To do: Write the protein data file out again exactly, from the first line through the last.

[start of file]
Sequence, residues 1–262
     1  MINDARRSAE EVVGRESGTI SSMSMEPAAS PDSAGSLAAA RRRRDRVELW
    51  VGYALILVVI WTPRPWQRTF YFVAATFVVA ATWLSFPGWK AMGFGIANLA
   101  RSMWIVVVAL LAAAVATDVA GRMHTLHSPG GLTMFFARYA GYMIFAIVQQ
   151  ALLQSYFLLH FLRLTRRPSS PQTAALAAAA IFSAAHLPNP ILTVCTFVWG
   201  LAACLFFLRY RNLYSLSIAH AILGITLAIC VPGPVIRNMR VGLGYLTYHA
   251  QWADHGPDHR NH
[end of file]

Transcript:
Sequence, residues 1–262
     1  MINDARRSAE EVVGRESGTI SSMSMEPAAS PDSAGSLAAA RRRRDRVELW
    51  VGYALILVVI WTPRPWQRTF YFVAATFVVA ATWLSFPGWK AMGFGIANLA
   101  RSMWIVVVAL LAAAVATDVA GRMHTLHSPG GLTMFFARYA GYMIFAIVQQ
   151  ALLQSYFLLH FLRLTRRPSS PQTAALAAAA IFSAAHLPNP ILTVCTFVWG
   201  LAACLFFLRY RNLYSLSIAH AILGITLAIC VPGPVIRNMR VGLGYLTYHA
   251  QWADHGPDHR NH